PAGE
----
Huang et al. [28] provide an optimized PSI algorithm that performs much better when the density of common elements in the two sets is high. We implement their algorithm in \(\textsc {Wys}^\star \). The optimized version consists of two nested loops – an outer loop for Alice’s set and an inner loop for Bob’s – where an iteration of the inner loop compares the current element of Alice’s set with the current element of Bob’s. The nested loops are written using so that both Alice and Bob execute the loops in lockstep (note that the set sizes are public), while the comparison in the inner loop happens using . Instead of naive comparisons, Huang et al. [28] observe that once an element of Alice’s set matches an element of Bob’s set , the inner loop can return immediately, skipping the comparisons of with the rest of Bob’s set. Furthermore, can be removed from Bob’s set, excluding it from any further comparisons with other elements in Alice’s set. Since there are no repeats in the input sets, all the excluded comparisons are guaranteed to be false. We show the full code and its performance comparison with in the technical report [54].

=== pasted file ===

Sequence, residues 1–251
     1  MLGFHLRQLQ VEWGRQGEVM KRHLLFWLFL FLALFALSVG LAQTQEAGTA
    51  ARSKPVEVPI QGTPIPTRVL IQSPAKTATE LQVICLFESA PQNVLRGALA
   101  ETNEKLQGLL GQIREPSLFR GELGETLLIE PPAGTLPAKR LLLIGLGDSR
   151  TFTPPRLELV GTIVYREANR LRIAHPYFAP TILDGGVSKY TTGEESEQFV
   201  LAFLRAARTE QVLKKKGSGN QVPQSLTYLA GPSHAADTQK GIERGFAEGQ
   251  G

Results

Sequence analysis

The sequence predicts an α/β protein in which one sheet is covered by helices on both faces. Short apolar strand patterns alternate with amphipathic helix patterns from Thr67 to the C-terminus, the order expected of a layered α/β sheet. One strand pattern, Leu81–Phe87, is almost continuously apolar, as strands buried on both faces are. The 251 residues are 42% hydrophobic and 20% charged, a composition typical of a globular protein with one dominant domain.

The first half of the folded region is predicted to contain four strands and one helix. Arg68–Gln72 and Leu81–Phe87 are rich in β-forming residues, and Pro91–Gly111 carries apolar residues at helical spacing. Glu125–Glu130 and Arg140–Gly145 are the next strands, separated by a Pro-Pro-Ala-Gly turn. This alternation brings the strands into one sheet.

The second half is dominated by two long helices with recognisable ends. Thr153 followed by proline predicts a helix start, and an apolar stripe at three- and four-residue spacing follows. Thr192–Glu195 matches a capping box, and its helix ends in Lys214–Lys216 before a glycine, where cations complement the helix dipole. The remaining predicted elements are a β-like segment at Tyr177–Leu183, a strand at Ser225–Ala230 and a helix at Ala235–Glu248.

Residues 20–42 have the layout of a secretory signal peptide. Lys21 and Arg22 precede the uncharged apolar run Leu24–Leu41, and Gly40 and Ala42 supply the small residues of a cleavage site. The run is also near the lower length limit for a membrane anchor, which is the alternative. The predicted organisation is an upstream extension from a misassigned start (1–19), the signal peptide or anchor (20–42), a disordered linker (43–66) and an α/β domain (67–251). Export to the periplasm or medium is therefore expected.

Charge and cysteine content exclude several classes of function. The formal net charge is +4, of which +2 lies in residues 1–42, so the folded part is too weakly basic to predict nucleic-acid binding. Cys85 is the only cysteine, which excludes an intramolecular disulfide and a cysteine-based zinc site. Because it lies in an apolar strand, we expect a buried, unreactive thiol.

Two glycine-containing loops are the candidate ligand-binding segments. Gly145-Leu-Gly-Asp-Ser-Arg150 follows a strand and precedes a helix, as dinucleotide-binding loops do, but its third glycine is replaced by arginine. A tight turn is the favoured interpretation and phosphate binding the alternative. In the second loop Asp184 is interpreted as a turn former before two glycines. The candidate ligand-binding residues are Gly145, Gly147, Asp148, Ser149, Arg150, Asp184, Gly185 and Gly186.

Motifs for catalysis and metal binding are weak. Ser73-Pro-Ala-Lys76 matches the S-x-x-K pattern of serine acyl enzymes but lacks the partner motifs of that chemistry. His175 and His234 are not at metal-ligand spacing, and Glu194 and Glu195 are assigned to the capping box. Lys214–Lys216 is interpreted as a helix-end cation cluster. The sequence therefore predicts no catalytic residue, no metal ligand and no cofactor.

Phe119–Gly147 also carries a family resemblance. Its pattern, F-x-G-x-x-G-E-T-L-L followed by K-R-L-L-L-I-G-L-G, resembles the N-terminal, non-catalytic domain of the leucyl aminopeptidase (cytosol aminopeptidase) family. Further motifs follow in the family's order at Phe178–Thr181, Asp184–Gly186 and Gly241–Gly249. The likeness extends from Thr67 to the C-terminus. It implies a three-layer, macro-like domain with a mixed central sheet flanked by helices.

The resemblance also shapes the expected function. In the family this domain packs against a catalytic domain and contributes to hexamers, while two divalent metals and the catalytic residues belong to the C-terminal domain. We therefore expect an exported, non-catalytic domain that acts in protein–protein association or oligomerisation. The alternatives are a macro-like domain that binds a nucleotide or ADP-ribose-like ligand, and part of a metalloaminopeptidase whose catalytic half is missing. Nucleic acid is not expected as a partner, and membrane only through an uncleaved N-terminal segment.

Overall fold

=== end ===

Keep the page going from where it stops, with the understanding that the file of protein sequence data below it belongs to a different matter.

As with the median example from Sect. 2, the optimized PSI intentionally reveals more for performance gains. As such, we would like to verify that the optimizations do not reveal more about parties’ inputs. We take the following stepwise refinement approach. First, we characterize the trace of the optimized implementation as a pure function (omitted for space reasons), and show that the trace of is precisely .

Then, we define an intermediate PSI implementation that has the same nested loop structure, but performs comparisons without any optimizations. We characterize the trace of this intermediate implementation as the pure function , and show that it precisely captures the trace.

To show that does not reveal more than the intersection of the input sets, we prove the following lemma.

figure ji

The lemma essentially says that for two runs on same length inputs, if the output is the same, then the resulting traces are permutation of each other.Footnote 4 We can reason about the traces of up to permutation because Alice has no prior knowledge of the choice of representation of Bob’s set (Bob can shuffle his list), so cannot learn anything from a permutation of the trace.Footnote 5 This establishes the security of .